The Supreme Court is reviewing its 2018 judgment, wherein it declared unconstitutional the Sabarimala Temple's practice of excluding women of a 'menstruating age'.
The case background for the 2018 Sabarimala writ petition can be found here.
On 28 September 2018, a 4:1 majority of the Supreme Court held that the Sabarimala Temple's exclusionary custom is unconstitutional. The custom prohibited women between the ages of 10 and 50 years old from entering the temple. The judgment primary held that the custom violated the fundamental right to freedom of religion of female worshippers under Article 25 of the Constitution.
More than 50 review petitions were subsequently filed by various individuals and organisations including Kantaru Rajeevaru, the National Ayyappa Devotees (Women's) Association, the Nair Service Society, & the All Kerala Brahmin's Association. On 13 November 2018, the Court began hearing the review petitions in open court. As Chief Justice Dipak Misra had retired, Chief Justice Ranjan Gogoi replaced him on the Bench. The other judges on the Bench remained the same: Justices Ajay Manikrao Khanwilkar, Rohinton Nariman, D.Y. Chandrachud and Indu Malhotra.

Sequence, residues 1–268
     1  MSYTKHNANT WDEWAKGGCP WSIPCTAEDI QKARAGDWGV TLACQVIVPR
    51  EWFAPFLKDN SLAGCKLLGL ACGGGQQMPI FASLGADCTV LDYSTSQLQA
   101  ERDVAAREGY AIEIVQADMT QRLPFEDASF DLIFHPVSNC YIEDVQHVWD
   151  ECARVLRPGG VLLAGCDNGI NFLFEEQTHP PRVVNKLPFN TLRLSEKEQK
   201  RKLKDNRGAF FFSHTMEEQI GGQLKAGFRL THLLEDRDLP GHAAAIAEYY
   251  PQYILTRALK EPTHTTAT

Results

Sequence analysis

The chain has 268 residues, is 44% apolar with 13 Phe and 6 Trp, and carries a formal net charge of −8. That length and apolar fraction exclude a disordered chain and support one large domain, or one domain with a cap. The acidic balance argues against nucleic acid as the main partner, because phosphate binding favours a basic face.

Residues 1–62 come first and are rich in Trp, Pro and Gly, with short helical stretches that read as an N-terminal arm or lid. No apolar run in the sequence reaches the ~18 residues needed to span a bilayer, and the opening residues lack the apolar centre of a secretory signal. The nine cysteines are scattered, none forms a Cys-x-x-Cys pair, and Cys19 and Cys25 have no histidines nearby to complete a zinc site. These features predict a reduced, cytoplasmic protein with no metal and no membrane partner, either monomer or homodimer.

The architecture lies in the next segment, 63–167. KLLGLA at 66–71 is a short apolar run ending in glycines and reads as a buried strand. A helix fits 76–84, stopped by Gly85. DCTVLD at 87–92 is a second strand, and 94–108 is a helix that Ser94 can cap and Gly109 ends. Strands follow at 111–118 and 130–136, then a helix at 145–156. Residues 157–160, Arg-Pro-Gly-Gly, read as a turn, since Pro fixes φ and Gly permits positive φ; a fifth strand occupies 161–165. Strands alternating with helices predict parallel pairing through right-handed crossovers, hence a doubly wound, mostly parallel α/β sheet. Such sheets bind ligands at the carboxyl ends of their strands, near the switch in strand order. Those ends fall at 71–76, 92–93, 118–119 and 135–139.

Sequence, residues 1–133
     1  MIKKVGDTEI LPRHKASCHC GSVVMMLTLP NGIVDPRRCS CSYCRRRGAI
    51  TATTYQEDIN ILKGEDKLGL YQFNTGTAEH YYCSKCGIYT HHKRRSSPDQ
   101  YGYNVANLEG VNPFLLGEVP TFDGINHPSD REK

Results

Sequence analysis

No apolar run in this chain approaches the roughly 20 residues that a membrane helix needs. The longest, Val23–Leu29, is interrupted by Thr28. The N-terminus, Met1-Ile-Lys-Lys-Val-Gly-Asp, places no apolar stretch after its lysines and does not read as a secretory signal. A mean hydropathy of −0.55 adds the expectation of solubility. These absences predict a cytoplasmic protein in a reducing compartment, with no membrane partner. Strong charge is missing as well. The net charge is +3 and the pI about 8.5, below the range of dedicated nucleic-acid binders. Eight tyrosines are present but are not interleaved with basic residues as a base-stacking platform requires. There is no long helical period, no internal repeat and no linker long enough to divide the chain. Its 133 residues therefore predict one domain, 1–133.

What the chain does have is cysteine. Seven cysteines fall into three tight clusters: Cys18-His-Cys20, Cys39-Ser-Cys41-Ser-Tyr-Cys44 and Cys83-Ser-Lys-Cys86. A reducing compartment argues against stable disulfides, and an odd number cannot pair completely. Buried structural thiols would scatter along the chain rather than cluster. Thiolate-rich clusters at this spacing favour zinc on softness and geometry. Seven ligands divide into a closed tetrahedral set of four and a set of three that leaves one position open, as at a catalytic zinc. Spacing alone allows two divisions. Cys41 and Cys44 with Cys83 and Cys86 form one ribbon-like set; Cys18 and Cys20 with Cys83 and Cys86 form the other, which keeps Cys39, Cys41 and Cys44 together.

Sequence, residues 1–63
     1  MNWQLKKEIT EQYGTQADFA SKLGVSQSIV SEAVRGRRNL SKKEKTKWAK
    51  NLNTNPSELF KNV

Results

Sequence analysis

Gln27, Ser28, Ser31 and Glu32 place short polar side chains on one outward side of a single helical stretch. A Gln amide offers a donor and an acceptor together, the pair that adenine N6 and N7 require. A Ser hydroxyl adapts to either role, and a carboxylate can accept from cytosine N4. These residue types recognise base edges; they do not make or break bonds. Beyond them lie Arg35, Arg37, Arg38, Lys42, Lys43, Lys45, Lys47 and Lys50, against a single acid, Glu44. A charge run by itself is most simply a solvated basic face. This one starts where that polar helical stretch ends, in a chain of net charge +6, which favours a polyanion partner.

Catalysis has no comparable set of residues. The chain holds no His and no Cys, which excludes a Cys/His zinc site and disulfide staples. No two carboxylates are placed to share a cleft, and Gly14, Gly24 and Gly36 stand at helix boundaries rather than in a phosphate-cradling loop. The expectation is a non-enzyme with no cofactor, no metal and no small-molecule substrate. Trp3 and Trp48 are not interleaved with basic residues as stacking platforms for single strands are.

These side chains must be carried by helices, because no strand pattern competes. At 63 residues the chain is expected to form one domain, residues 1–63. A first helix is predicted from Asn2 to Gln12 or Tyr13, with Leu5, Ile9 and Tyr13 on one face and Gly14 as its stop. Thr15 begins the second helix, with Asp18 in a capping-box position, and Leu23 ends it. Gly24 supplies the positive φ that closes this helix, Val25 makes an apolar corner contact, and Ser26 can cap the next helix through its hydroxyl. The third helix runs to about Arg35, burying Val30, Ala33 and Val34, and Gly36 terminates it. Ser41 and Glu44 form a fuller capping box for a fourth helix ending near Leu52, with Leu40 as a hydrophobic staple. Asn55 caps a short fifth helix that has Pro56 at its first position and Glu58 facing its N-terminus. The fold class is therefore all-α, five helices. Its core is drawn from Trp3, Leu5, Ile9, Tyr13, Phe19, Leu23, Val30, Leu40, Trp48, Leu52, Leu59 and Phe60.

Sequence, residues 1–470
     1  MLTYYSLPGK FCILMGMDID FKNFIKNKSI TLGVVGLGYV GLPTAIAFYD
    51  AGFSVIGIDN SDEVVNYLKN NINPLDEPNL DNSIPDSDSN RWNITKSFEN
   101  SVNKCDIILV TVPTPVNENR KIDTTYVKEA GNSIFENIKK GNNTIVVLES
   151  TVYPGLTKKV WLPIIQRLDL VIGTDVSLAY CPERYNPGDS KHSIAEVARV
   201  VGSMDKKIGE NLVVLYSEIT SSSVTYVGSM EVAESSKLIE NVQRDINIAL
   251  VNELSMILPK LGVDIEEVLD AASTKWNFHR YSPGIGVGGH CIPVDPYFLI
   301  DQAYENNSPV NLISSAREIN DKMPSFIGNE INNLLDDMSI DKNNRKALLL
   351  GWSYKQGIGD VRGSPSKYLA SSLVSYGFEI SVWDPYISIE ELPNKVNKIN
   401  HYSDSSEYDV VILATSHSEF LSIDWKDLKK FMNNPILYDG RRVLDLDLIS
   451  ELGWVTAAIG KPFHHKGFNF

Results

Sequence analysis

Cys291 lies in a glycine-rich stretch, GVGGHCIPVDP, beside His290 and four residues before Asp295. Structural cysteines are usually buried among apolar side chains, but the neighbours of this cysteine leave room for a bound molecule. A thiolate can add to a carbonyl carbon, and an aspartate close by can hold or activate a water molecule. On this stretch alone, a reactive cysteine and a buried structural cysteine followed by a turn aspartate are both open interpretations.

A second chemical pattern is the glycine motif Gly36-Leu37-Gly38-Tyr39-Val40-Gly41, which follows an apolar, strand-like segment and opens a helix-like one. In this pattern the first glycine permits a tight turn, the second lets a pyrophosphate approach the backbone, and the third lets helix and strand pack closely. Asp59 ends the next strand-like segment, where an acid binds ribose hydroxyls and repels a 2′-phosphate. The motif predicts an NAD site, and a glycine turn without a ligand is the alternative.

One year later, on 14 November 2019, the Bench delivered a judgment keeping the review petitions pending and referring certain overarching constitutional questions to a larger Bench. These overarching issues pertain to women's acess to public religious institutions. By a narrow 3:2 majority, the Bench speculated that other freedom of religion cases may object to the reasoning in the 2018 Sabarimala judgment and order a referral. Justices Nariman and Chandrachud dissented, holding that this speculation went beyond the narrow scope of a review petition.
On 13 January 2020, a new Bench comprising the following judges will begin hearing the overarching referral questions: Chief Justice S.A. Bobde and Justices, R. Banumathi, Ashok Bhushan, Nageswara Rao, Mohan M. Shantanagoudar, S. Abdul Nazeer, R. Subhash Reddy, B.R. Gavai and Surya Kant.
Do persons not belonging to a religious denomination enjoy the locus to file a PIL to contest a religious practice belonging to said denomination?
What is the extent to which the Court can enquire into an essential religious practice?
What is the scope of the expression ‘sections of Hindus’ mentioned in Article 25(2)(b)? Are women a section of Hindus?
Whether the meaning of ‘morality’ in Article 25(1) and Article 26 is related to constitutional morality or limited to religious faith or belief?
What is the scope of ‘public order, morality and health’ in Article 25(1) of the Constitution?
Whether the fundamental right to freedom of religion under Articles 25 and 26 can be restricted by the fundamental right to equality under Article 14?